Law Office of Michael L. Fell
900 Roosevelt Irvine, CA 92620
(949) 585-9055

The Truth About DUI Probation: It Keeps You Out of Jail but is It Worth It?

It is common for a person who is arrested for a DUI to have a single question of their attorney: do I have to go to jail? The answer is that you might be able to be put on probation instead of going to jail. However, there are some complications to this option that might make it a worse option than you think.

Keep reading for the facts, and then contact Law Office of Michael L. Fell at (949) 585-9055 for a free legal consultation if you have been charged with or accused of a DUI.

The Difference Between Parole and Probation

The first thing to understand is that parole and probation are not the same things. If you are on parole, it means you have first served time in jail and then been released early. Probation is decided during sentencing after you have been convicted and can keep you out of jail if you fulfill certain requirements of the court.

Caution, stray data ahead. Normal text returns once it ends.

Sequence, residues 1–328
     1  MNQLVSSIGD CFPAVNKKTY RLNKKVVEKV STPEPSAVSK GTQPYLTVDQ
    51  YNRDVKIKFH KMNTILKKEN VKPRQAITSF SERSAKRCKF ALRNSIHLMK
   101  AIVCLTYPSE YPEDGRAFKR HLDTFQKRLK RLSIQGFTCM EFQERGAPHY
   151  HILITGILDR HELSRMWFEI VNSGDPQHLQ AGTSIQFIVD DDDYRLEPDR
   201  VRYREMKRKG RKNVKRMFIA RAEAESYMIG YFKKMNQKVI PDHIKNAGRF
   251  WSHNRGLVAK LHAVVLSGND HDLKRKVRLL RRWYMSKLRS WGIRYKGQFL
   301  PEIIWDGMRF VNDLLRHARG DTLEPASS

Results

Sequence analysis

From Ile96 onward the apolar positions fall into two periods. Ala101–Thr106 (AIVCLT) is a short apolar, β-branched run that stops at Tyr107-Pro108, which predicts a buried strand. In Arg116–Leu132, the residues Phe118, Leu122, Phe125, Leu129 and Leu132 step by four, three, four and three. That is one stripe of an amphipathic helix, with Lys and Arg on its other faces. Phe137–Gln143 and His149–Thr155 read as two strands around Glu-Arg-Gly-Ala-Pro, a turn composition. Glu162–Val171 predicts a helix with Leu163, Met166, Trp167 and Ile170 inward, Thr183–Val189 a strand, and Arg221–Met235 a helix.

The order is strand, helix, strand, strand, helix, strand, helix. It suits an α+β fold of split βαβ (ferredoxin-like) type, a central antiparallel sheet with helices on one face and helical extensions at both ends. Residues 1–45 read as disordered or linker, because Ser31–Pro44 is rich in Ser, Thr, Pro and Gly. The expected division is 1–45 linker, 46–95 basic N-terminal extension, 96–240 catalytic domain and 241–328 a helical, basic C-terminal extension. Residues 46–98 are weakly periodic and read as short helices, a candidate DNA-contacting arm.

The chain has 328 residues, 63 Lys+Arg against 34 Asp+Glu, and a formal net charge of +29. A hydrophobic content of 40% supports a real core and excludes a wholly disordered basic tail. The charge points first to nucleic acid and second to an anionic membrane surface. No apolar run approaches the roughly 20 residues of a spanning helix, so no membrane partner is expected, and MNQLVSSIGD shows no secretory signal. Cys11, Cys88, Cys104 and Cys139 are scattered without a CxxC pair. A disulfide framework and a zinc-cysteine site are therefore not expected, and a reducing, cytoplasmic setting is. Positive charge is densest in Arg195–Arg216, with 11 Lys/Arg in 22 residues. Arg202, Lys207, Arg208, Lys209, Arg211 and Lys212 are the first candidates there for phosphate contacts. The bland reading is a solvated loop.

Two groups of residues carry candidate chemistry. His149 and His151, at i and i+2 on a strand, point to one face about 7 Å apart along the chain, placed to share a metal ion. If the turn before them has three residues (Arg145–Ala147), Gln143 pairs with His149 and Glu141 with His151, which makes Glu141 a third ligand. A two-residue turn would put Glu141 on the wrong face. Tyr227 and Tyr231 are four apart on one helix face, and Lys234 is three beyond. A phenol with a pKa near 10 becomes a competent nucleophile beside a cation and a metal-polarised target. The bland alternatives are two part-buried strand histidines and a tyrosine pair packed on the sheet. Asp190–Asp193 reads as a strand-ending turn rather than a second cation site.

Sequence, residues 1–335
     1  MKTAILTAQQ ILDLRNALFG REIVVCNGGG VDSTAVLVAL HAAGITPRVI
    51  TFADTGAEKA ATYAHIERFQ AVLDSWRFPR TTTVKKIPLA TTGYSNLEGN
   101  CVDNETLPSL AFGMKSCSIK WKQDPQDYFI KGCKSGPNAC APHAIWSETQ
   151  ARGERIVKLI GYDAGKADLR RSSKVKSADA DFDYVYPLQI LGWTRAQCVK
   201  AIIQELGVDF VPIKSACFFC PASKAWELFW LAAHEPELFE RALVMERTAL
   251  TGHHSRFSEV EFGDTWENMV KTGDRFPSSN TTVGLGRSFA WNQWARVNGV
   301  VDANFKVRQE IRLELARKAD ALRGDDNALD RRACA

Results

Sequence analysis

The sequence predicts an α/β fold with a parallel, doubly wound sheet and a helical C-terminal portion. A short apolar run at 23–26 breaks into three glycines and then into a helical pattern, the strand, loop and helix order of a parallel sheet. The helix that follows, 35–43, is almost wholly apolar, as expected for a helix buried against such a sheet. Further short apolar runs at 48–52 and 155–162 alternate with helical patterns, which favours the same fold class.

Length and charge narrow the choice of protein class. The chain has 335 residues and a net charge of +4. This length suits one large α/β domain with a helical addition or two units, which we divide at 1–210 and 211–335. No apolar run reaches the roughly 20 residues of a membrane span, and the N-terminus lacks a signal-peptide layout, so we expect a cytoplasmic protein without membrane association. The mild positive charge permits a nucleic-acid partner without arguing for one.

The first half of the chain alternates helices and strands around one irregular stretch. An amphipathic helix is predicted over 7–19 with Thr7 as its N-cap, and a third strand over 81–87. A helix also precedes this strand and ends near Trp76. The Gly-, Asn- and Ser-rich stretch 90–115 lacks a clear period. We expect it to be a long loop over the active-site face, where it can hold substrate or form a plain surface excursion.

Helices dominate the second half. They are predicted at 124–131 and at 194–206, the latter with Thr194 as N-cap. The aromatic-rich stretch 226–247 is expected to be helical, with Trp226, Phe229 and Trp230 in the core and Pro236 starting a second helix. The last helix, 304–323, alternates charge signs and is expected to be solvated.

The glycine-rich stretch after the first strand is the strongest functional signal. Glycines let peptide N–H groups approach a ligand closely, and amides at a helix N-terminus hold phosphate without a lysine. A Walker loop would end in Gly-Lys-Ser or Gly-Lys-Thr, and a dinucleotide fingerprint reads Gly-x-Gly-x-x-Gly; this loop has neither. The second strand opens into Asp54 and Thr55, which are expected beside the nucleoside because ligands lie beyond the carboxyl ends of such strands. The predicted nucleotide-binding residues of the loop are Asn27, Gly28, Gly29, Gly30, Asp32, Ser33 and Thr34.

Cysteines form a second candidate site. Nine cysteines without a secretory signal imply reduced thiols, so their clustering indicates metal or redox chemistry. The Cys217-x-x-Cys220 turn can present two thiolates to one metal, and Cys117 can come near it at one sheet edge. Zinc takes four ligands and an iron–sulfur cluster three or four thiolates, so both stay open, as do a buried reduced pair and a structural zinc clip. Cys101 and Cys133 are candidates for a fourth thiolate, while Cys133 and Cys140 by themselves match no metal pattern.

When it comes to DUI cases, the most common requirements include elements related to the crime, such as attending substance abuse treatment and DUI classes. You will also likely have to meet with a probation officer during the term of your probation.

Informal Probation

If your DUI is charged as a misdemeanor and you are put on probation, it will be informal/summary probation. Instead of jail, you will need to pay restitution, complete community service, and likely meet with a counselor. Informal probation can only last up to one year.

Formal Probation

On the other hand, a person charged with a felony who gets probation is on formal probation, which is much stricter. It requires regular check-ins with a probation officer, drug and alcohol testing, no contact with criminal associates, restitution payments, counseling, and, in many cases, house arrest. In most cases, formal probation will last two years.

Probation Options for a DUI Charge

It is generally true that a person facing a first-time DUI offense will pursue a wet reckless plea, which means that they will be eligible for probation and might even have their records expunged after a period of time. Felony DUI charges might offer probation, depending on the specifics. However, if the crime involved injury, then probation is not an option.

Talk to Your Attorney to Determine the Best Option

Whether it is your first or fourteenth DUI charge, it is important to work with an experienced attorney. You can do so by contacting Law Office of Michael L. Fell at (949) 585-9055 for a free legal consultation. We are standing by to help you find the best way forward.